Volvo has announced it will no longer produce diesel-powered vehicles beginning early next year.
The move is part of its plan to sell only fully electric vehicles (EVs) by 2030 and by 2040, reach climate neutrality as a company. In 2022, the automaker made the decision to end internal combustion engine (ICE) vehicle production and sold its remaining ICE assets in November.
“Electric powertrains are our future — and superior to combustion engines — they generate less noise, less vibration, less servicing costs for our customers, and zero tailpipe emissions,” said Jim Rowan, Volvo Cars CEO. “We’re fully focused on creating a broad portfolio of premium, fully electric cars that deliver on everything our customers expect from a Volvo and are a key part of our response to climate change.”
Noting the United Nations Global Climate Stocktake, Volvo said in a news release that being all-in on electrification is the right thing to do. The stocktake is a guideline for countries and others “to see where they’re collectively making progress toward meeting the goals of the Paris Agreement and where they’re not,” according to the UN. The Paris Agreement is a legally binding international climate change treaty.
“What the world needs now, at this critical time for our planet and humanity, is leadership,” Rowan said. “It is high time for industry and political leaders to be strong and decisive and deliver meaningful policies and actions to fight climate change. We’re committed to doing our part and encourage our peers as well as political leaders around the globe to do theirs.”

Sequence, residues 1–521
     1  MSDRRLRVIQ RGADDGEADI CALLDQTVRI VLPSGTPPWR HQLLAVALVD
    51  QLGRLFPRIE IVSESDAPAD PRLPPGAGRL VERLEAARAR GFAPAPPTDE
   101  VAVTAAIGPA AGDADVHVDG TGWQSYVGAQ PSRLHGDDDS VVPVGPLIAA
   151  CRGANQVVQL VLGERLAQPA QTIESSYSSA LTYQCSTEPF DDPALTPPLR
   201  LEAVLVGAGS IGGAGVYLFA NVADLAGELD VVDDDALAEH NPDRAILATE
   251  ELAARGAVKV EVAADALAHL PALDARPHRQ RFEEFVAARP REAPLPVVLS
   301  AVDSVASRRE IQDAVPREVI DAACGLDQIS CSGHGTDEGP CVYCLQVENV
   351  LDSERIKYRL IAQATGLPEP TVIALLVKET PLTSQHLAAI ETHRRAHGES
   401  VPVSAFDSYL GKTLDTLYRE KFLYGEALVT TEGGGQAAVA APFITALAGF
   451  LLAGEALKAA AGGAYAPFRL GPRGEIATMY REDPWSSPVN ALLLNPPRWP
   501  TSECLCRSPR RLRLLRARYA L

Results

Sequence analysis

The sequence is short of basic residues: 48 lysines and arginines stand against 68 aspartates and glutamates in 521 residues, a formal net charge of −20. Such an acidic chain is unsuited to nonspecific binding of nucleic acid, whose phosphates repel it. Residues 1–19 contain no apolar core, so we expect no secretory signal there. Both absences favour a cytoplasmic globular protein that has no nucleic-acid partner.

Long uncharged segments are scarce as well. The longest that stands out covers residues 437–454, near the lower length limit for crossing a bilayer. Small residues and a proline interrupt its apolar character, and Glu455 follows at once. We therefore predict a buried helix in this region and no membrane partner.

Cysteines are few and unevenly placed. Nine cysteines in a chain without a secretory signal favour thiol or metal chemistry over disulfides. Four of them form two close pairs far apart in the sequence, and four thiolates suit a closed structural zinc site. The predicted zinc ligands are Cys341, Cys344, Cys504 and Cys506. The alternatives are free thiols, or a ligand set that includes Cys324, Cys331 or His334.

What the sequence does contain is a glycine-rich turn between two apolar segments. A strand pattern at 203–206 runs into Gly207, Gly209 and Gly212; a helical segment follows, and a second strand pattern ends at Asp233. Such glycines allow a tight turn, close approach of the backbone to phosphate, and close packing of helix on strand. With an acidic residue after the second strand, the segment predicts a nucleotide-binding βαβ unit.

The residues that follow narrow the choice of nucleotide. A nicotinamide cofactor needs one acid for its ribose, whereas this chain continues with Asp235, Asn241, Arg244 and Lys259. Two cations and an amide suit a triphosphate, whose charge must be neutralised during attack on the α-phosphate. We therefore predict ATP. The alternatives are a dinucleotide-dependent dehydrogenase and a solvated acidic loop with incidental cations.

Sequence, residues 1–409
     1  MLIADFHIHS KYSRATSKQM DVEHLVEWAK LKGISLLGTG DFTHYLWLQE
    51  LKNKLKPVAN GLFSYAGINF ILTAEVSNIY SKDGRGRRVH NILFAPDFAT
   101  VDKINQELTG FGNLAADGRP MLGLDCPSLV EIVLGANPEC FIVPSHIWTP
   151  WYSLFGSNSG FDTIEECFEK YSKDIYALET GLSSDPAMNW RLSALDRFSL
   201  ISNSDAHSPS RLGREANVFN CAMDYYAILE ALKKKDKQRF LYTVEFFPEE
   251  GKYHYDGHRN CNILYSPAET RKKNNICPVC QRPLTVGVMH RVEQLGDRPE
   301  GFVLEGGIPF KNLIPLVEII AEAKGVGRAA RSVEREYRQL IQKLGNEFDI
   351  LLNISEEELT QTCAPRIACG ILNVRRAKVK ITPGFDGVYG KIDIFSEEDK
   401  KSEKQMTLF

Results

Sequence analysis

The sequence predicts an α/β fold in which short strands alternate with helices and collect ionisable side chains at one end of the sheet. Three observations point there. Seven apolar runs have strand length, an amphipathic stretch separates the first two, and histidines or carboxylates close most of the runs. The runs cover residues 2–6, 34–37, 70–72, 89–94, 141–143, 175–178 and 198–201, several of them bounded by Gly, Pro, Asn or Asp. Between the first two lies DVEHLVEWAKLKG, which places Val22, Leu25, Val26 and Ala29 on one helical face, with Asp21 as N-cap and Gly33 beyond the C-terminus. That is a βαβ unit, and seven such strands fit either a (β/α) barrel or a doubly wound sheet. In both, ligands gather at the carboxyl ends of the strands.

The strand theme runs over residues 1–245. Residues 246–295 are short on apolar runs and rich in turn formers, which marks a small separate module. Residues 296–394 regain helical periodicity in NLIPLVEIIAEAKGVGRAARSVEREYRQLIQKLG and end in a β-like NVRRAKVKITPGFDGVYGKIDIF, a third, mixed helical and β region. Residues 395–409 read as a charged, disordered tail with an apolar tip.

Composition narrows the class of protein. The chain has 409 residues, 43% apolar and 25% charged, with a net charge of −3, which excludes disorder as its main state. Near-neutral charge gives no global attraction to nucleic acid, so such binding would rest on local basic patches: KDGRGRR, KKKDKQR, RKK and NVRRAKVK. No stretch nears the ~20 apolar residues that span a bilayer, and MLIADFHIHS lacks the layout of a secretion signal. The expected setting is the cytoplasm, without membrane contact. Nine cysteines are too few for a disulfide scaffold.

Volvo is a signatory of the Accelerating to Zero Coalition (A2Z)’s Zero Emission Vehicles (ZEV) Declaration, which is a global agreement that was launched by a leadership group of more than 100 countries, businesses, and organizations in November 2021. It has been signed by 41 national governments and 74 cities, states, and regional governments including several U.S. states and cities.
Volvo Chief Sustainability Officer Anders Kärrberg attended the A2Z’s annual Climate Week NYC on Monday to “collaborate and coordinate actions with others towards the coalition’s collective target of ‘making 100% of global new car and van sales free of tailpipe emissions by 2040 and no later than 2035 in leading markets.'”
Volvo also notes that its decision to phase out diesel-powered engines is an indication of vehicle industry and consumer demand changes., calling diesel its “bread and butter” in Europe, as well as other automakers’, as recent as four years ago. At that time, EVs were just starting grab consumer attention.
“That trend has largely inverted itself since then driven by changing market demand, tighter emission regulations as well as our focus on electrification,” Volvo said. “The majority of our sales in Europe now consists of electrified cars, with either a fully electric or plug-in hybrid powertrain.”
Fewer diesel cars on the streets will have a positive effect on urban air quality since they emit more nitrogen oxide (NOx) gases, Volvo added.
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